A group of five street toughs ahead had surrounded a dark-haired man ahead. As Julian watched, they began pushing the frightened man from one of them to the next, shoving him roughly to the ground. Then, hoisting makeshift clubs, they began to beat him. And all in plain sight, in the middle of a busy street.
They didn't leave off until the man's body lie bloody and still. They might not have stopped even then, but a small group of soldiers in ragged uniforms had appeared farther down the street, and with a cry, the street thugs quickly disappeared down a side alley.
The patrol of uniformed men approached, in no particular hurry, and bent over the beaten man. Julian watched as they rifled through his pockets, searching for valuables. Shoving his body to the side, so that it lay out of the main thoroughfare, the city guardsmen (if that's what they were) continued on their way.
An interesting place, thought Julian.
"You coming?" asked the pock-marked man. He followed Julian's gaze. "No guide," he said, nodding. "Dangerous city, here, like I told you. Best not to interfere."
Julian shrugged. "No business of mine. Lead on."
And they continued.
As the pock-marked man had promised, the streets here were labyrinthine, twisting and turning and doubling back on themselves continually. The further they progessed, the less certain Julian was of the way to get back. In fact, he had the nagging feeling that they were traveling in circles.
Julian kept a wary eye on the man in front of him, well aware that he could easily be leading him into an ambush. Certainly it would be nothing out of the ordinary here - someone from off-world landing at the spaceport, hired a guide, and was never seen again. If the man suspected he wasn't the ruthless killer Twilight Jack had said he was, he probably wouldn't hesitate to lead him to somewhere quiet and out of the way...
Still, though his danger-sense was alert and prickling, it wasn't screaming at him. Julian was a gambler, and played for high stakes. He trusted his instinct; it had never yet led him astray. So he continued to follow, though he kept one hand on the hilt of his dagger.
By this time, they had entered a different section of the city - the streets here were darker, emptier. There was still the occasional passerby, but it was rarer here. Too, it was filthier here. Grime, dirt, and decay were everywhere here; the buildings themselves, stained and weathered, seemed to sag. The lanterns dotting the street were fewer and farther between. As they went, it seemed they passed from one small, flickering pool of light into a sea of darkness, then on to the next light.
"Interesting neighborhood you picked," said Julian, distastefully side-stepping a pile of dung swarmed with flies.
"You said safe," protested the pock-marked man, looking back "not pretty. Can't have everything, you know? It's a good place, where I'm taking you."
"How much farther is it?"
"Just ahead, just ahead." He beckoned forward.
The people they passed were of a different sort as well. Most were dressed in dirt-grimed rags, moving furtively, careful to keep clear of the elf and his guide, as if they feared they might be set upon.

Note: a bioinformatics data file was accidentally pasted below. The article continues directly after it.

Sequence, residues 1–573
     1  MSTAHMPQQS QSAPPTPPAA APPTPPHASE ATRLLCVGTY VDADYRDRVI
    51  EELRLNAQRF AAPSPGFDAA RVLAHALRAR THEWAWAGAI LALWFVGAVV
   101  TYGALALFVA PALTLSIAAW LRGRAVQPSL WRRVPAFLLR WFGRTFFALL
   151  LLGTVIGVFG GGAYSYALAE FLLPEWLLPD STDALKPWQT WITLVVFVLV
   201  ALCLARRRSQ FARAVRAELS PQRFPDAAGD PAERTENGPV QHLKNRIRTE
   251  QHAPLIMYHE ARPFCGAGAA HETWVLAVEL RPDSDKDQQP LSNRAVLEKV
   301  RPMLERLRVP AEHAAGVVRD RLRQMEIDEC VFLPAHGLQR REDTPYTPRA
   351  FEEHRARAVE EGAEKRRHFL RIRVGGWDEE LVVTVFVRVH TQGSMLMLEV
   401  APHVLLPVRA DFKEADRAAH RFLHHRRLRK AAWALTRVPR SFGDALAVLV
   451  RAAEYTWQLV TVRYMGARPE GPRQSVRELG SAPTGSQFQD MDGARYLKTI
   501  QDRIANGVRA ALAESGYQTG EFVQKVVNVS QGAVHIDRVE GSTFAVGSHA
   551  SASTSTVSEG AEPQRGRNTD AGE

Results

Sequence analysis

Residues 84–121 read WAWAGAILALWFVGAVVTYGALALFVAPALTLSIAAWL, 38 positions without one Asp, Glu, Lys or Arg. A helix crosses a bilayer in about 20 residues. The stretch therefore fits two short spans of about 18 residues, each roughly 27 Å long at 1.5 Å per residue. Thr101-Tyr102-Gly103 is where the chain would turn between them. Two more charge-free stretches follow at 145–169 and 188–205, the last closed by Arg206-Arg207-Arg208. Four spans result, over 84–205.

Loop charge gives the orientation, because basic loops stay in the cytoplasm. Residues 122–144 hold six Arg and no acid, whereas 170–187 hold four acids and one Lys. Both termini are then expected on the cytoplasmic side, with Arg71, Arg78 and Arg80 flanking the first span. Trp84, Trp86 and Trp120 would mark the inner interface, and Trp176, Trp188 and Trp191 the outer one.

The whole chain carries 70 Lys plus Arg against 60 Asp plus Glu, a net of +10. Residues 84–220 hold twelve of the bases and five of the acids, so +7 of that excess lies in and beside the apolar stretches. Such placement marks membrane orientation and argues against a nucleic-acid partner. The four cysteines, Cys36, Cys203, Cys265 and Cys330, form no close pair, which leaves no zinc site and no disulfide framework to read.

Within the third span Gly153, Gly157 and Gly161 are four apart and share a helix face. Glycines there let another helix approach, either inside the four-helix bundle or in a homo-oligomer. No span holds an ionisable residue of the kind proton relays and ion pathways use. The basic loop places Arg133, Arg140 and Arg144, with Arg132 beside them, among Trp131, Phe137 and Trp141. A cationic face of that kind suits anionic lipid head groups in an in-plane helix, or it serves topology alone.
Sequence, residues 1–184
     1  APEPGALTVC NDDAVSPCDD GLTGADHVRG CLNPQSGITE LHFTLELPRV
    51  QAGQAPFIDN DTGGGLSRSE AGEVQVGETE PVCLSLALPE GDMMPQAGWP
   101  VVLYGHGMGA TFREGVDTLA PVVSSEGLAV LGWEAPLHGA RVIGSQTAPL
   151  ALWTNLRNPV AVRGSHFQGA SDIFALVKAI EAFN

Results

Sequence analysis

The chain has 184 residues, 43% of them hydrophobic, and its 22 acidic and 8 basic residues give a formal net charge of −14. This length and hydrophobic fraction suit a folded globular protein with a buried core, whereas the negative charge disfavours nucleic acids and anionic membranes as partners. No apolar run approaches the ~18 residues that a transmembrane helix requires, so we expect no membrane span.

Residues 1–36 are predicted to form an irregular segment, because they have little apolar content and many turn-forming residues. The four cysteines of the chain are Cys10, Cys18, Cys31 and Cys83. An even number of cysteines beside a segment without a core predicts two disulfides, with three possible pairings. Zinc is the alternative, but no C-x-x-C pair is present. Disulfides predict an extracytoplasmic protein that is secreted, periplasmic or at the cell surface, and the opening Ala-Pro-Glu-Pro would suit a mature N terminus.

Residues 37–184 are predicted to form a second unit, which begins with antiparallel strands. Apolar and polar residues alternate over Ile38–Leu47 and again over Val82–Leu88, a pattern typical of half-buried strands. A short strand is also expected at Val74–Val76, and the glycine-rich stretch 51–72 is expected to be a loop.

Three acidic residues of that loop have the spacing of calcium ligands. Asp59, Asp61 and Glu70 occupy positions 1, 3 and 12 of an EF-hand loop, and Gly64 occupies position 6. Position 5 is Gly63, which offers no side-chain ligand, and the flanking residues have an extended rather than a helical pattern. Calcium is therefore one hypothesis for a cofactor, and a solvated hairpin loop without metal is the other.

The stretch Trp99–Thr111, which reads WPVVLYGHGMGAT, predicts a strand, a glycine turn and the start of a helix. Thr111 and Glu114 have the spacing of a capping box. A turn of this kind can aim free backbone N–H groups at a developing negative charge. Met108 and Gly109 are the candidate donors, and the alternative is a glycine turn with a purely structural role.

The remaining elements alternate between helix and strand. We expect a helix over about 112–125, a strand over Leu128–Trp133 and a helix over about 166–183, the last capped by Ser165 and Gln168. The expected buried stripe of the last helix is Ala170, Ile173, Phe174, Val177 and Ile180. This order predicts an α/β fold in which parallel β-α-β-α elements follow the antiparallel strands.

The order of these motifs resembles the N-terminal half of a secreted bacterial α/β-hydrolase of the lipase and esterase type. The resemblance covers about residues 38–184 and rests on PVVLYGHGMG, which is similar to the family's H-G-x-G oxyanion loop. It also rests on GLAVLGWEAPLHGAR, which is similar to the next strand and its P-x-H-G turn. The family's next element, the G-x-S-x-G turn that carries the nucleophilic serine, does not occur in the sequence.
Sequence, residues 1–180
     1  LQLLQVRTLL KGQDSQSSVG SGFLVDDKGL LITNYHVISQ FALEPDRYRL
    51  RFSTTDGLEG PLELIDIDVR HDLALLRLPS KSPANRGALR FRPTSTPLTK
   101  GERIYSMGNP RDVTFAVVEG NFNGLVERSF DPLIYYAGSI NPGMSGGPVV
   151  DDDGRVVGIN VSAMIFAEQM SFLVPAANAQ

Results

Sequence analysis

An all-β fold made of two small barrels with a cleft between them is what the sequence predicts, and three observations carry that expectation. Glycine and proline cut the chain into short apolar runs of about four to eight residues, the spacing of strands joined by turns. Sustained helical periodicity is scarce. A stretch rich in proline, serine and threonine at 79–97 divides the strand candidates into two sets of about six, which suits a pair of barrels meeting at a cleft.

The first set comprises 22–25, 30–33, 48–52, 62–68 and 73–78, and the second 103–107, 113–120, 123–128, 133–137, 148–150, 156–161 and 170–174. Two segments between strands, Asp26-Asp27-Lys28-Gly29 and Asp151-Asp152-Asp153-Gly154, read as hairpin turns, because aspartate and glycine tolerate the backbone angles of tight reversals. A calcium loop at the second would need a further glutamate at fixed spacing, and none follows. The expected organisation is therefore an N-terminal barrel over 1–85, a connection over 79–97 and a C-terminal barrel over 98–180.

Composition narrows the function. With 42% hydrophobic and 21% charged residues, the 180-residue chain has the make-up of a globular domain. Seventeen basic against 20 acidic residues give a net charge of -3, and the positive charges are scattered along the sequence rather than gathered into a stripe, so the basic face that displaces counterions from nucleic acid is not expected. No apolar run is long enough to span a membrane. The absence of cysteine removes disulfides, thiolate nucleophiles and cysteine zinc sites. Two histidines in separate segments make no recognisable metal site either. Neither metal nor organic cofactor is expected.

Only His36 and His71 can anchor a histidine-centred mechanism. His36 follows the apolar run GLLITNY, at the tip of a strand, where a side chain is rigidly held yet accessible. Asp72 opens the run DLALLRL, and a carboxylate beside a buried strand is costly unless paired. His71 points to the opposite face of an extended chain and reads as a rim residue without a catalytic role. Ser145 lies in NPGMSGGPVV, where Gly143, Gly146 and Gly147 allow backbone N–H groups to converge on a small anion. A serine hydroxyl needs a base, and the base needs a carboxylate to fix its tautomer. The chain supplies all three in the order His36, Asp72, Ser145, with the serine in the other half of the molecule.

There was a foul smell to the air; a sickness which hung motionless. The feeling of broken despair was everywhere. The houses they passed were darkened, the doors often boarded up and nailed shut, the windows shuttered. From behind sagging wooden walls came occasional sounds: low murmurs of conversation, pain-wracked coughing; even the distant sound of a man's voice raised in anger, and a woman's, crying and pleading.
Once, they side-stepped a pair of drunks slumped against the wall, human debris littering the streets. As they passed, Julian looked more closely. One of the men was snoring softly, a bottle of cheap elven wine clutched protectively in his arm. The other man was staring upwards, wide-eyed and unblinking, his face fixed in a rigid expression of horror. His throat had been slashed from ear to ear.
Another time, an emaciated old man with dark circles under eyes leaped into their path, his body crouched over like some grotesque monkey. He looked from Julian to the pock-marked man with wild eyes, lips writhing soundlessly, then shrieked, rushing forward and seizing the elf's guide by his shirt. "Off! Get them off, get them off, get them off!" he cried. "Get them off me!" he released the pock-marked man and began swatting at himself furiously. "They're all over me! Everywhere!"
Julian's guide had pushed him away in disgust. "Away, old fool. Keep your diseased hands off." He had looked at Julian in apology as the old man scuttled away. "Seed-chewer."
Julian gave him a questioning look. "'Seed chewer'?" he asked.
The man nodded. "Yes. Lotus, you know? Makes you feel good, see? Invincible." A crafty look came into his eye. "You need any, talk to me. I know the best dens in town, you know?"
"I don't think so," said Julian, watching the old man scurry away. "Not if it does that to you."
The pock-marked man nodded. "Oh, yes. Wise choice, good choice." He made a disgusted face. "Never liked it. Turns your mind to muck, you know? But not at first... Not at first. At first, feels good. You change your mind, let me know, okay? I can get you good stuff. Stuff that won't hurt you like that, you know? Make you feel good."
Julian shook his head. "I said no. How much farther? I'm starting to get a little impatient."
The man cringed. "Sorry, sorry. Didn't mean to push it on you, see? We're almost there, just down the street a little ways. You aren't going to hurt me, are you?" He looked ready to run.